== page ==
Why I Never Want to End Up Famous

7 Sep

Obviously, this title is a moot point, I can’t think of anyone who is at all concerned that I will end up famous.  Infamous, maybe.  Famous, no.

I spent the first part of the weekend in Yale with my brother and his new classmates. Famous?  No.  At least I don’t think so.  Happy and settled and excited?  Yes.  They are all embarking on a three year program that they all want to embark on. It’s very motivating to be around that many people that content with where they are.

I spent the rest of the weekend with a couple of acquaintances who are semi-famous.  They play professional hockey. Maybe I’m biased but hockey players seem pretty down to earth and very aware that their success is team success.  I never once felt suffocated in a room because of their ego-space.  I never once felt like I was a lesser person.  Any hockey discussion, and there was very little, revolved around silly team banter or ways they want to improve.

So I’m not going to give another blah, blah, blah talk about how famous people all end up cocky and stuck-up and demanding.  Maybe they do. I haven’t met all (or even many) famous people so I wouldn’t know.

What I do know is that society has expectations.  We have expectations of famous people.  And fame can be quite isolating.

My friends wanted a normal weekend.  And by normal, they meant my normal.  Not their normal.  They wanted to sit at the crappy restaurant table in the back corner by the bathroom because no one recognized them and put them at the front table. They wanted to wait in line at the Sam Adams Brewery for a regular tour instead of being given a personalized tour.  They wanted to not talk about hockey or money or women or whatever things fans expect them to talk about.  They wanted to wait in the suffocating lines at Mike’s Pastry and yell their order just like everyone else (Ok, I admit it.  I hate Mike’s.  I don’t like thousands of Cannoli Crazies touching me, shoving me, and trying to take touristy photos over my head.  I would totally have been fine with using a little famous-flashing to get taken care of sooner.)  But they didn’t want that.

They were shocked by the ordinary things I did.  It was hot so I stuck my head in the kid’s fountain.  Sure, I probably looked like a wet kitten after that but there was no one trying to take my photo, no worry of a soggy autograph.  When I got text messages, they were from friends and family checking in.  No general manager, no press agent, no one working for me.  I wore what I felt like wearing which meant that aside from a nice dress for proper North End evening dining, I spent most of the weekend in shorts and a Red Sox (or a Phillies) t-shirt and flip flips.  I’m pretty sure they wore what they felt like wearing. I’m just also pretty sure that they had to get their clothing choices approved by one of the many people who kept trying to get ahold of them all weekend.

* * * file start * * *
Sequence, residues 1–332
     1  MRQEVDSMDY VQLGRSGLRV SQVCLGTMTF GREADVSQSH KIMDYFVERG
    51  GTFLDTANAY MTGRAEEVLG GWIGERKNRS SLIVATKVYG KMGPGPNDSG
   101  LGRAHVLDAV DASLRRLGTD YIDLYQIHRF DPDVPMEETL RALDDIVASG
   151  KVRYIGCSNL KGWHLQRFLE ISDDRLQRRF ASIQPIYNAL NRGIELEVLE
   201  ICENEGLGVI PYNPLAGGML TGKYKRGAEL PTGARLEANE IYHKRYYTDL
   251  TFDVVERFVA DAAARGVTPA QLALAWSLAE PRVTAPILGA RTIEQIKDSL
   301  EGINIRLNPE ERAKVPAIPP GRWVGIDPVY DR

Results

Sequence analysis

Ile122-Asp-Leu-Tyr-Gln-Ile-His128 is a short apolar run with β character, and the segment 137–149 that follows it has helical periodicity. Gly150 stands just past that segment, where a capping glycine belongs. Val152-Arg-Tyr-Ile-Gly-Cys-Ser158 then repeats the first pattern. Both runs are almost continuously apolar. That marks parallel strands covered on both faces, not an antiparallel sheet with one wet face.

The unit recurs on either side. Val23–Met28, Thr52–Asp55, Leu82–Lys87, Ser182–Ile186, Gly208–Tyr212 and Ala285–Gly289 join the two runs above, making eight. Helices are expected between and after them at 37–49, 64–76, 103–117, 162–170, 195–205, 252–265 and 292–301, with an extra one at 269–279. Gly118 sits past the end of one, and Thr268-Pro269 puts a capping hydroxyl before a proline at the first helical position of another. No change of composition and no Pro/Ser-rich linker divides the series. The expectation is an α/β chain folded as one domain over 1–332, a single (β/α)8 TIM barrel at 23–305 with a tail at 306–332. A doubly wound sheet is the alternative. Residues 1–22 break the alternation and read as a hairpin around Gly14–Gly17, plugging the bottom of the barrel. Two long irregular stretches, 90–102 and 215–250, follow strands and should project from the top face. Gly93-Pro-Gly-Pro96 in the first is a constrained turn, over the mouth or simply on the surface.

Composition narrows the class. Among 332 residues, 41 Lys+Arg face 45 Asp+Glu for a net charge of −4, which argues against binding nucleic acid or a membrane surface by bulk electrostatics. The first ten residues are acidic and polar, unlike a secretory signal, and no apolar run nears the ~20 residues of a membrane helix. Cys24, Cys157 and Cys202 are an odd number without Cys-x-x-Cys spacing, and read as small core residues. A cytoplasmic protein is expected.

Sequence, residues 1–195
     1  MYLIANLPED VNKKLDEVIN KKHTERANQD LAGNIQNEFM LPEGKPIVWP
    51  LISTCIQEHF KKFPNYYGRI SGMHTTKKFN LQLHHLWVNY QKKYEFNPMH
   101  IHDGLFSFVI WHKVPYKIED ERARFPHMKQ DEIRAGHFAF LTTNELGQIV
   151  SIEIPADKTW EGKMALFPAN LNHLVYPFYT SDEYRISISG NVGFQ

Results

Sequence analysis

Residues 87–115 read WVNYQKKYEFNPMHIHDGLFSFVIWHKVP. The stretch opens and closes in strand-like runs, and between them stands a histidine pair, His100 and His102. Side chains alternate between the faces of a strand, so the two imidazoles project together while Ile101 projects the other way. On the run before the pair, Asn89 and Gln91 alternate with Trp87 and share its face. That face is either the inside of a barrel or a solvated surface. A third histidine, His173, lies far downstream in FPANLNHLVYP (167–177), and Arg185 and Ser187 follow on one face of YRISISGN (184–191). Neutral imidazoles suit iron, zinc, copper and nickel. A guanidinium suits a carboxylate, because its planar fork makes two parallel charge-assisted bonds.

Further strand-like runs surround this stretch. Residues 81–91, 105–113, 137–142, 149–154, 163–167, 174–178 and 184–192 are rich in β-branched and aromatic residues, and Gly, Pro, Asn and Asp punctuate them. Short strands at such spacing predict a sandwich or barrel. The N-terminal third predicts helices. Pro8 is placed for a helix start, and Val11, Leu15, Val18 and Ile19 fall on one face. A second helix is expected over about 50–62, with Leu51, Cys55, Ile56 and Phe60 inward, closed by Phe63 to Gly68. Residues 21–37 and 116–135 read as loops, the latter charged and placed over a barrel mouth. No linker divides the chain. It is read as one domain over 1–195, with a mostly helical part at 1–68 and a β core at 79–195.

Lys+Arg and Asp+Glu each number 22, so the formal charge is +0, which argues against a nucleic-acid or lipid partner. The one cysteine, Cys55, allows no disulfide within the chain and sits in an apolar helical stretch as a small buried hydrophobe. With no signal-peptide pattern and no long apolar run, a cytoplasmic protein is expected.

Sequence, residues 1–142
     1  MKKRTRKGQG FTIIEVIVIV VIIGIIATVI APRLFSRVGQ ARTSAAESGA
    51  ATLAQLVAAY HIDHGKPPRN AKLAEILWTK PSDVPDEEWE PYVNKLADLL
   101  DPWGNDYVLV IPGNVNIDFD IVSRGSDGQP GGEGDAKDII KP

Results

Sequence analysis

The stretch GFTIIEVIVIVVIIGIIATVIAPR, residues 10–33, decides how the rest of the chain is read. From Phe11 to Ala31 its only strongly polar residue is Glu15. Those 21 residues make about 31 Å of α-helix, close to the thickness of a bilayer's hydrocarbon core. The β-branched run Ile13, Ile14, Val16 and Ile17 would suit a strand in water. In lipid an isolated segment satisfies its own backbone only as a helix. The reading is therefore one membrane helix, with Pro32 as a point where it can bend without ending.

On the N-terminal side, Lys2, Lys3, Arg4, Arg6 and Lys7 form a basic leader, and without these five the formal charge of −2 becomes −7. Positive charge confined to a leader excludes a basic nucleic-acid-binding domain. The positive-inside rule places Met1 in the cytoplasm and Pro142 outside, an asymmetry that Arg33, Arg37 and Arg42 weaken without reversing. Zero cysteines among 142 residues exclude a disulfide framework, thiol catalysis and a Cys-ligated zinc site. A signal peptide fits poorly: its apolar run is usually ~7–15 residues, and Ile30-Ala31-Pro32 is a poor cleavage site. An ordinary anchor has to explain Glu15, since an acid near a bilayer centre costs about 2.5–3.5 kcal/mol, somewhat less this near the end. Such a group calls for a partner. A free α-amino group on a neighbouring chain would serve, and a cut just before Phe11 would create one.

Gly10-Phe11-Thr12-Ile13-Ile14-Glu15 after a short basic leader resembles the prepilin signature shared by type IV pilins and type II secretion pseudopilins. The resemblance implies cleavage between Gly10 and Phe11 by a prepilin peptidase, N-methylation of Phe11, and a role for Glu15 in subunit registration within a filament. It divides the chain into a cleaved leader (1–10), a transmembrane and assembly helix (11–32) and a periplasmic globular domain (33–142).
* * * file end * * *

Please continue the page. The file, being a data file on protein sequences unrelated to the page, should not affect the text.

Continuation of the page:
When someone bumped into me and said “Oh, Excuse me!” and I said “That’s okay!” the conversation ended there.  When someone bumped into one of them, there was an added “Oh, are you…no, you couldn’t be…but has anyone ever told you that you look an awful lot like….”

And these were just hockey players.  Without their layers of gear and helmets and possible playoff beards, they look pretty ordinary.  They can pass undetected through a city better than other, more face-focused sports.

I enjoyed being someone’s normal.  But I also enjoyed knowing that normal is every day for me.  There are no expectations following me around, no worries that someone other than myself will decide to transfer me to a new city.  I own my destiny in a way that they don’t, and never will.  I can run and bike and lift weights and do whatever exercise I feel like, I don’t have someone whose job it is to decide what I can and can’t handle.

I don’t worry that every careless word I say will be Tweeted to the masses.  That a teasing jibe to a friend could be taken out of context.  That I am on display and have an audience even when I’m back stage.  Even when I’m in my dressing room.  Even when I exit the auditorium.

If you ever become famous, I’ll be the friend who doesn’t take photos, doesn’t ask incessant questions about your celebrity status and who you’ve met and how lucky you are.  All I ask in return, is that if we ever go to Mike’s Pastry’s, you make a small scene, empty out the buzzing hive, and let me retrieve your preferred sweets without being crushed underfoot.


One Response to “Why I Never Want to End Up Famous”

  1. Meg September 14, 2011 at 10:11 am #

    If I become famous I will take you to MODERN pastry, which is right across the street from Mike’s and has way better cannoli. Why? Well, Mike’s has become so famous that they have to make stuff in advance and freeze it. Modern still makes everything fresh every day. And then we will go to a sports game and sit in a fancy box but not wear fancy clothes.

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